With the possible exception of what is actually healthy for them (you know, vegetables and stuff), kids will eat anything. Every parent knows this, and so does the American Association of Poison Control Centers. In 2012, the AAPCC logged 6,216 exposures to highly concentrated packets of laundry detergent by children 5 and younger. This year to date (through June 30), there have been 4,868 reported cases.
This particular fact is relevant not just to parents but to the companies that produce laundry detergent products like Procter & Gamble (NYSE:PG) and Church & Dwight (NYSE:CHD). The AAPCC did not break down its figures, but of all the laundry detergent products on the market it highlighted “small, single-dose packets,” a product innovation spearheaded by P&G. The pods are a fairly new development, hitting the market in early 2012, with several other companies following suit shortly after.
The pods have been a commercial success. Consumers are drawn to them for their ease of use and effectiveness, meaning companies can get away with selling them at a premium to more traditional detergents.
But one of the problems unforeseen by P&G — although it may be obvious in hindsight — is that children seem to easily mistake the pods for candy.
The pods are brightly colored and traditionally came in a clear package. You don’t have to try very hard to imagine that instead of highly concentrated detergent, the pods contain some sort of delicious form of processed fruit.
The AAPCC said: “Poison centers are reporting a recent uptick in calls about exposures of children to laundry detergents packaged in small, single-dose packets. Some young children and toddlers who swallow these small packets have become very ill and have required hospitalization.”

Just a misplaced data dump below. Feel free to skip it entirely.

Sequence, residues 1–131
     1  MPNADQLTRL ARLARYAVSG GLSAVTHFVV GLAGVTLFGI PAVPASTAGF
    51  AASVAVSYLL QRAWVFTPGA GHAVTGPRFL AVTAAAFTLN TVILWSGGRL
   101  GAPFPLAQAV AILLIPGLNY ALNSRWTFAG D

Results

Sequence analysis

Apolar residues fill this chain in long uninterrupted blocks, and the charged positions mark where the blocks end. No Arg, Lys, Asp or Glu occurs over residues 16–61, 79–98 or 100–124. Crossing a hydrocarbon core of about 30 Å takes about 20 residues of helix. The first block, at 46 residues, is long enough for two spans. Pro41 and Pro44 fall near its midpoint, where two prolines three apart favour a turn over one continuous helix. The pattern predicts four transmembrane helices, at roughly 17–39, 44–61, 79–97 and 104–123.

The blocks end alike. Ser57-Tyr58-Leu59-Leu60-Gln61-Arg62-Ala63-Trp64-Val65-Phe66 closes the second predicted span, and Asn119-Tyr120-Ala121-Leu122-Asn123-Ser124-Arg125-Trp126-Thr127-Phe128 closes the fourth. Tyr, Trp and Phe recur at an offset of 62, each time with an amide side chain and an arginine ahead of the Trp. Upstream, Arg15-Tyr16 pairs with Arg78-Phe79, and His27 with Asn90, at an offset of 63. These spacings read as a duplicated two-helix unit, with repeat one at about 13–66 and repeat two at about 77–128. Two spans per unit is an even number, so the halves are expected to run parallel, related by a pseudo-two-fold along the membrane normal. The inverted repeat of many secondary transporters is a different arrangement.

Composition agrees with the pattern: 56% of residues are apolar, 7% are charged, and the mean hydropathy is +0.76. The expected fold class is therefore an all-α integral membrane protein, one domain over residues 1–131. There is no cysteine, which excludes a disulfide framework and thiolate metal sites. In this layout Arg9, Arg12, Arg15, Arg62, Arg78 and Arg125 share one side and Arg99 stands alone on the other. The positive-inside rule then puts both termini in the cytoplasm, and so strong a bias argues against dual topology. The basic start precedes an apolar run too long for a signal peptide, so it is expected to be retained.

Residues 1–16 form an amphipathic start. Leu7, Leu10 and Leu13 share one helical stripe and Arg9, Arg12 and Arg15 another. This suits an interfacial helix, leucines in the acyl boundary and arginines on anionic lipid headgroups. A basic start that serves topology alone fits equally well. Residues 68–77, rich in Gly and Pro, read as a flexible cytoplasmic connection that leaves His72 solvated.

To its credit, P&G reacted promptly to reports of child ingestion. It quickly changed the design of the lid to make it more difficult to open and has since engaged in a relationship with the American Academy of Pediatrics on the Safe Home campaign. The project is designed to educate consumers about the proper use and storage of potentially harmful products like highly concentrated detergent and includes a redesign of packaging for products like the Tide pods.
When Tide released its detergent pods in 2012, it projected $500 million in first-year sales. The goal was incredibly lofty, given that most newly released consumer packaged goods generate first-year sales of $50 million or below.
The pods were thought to be particularly innovative because of how appealing they are to broad sections for the $7.2-billion laundry detergent segment. Unit-dose products are estimated to account for 7 percent of total detergent sales, but P&G suggests that share could climb as high as 30 percent.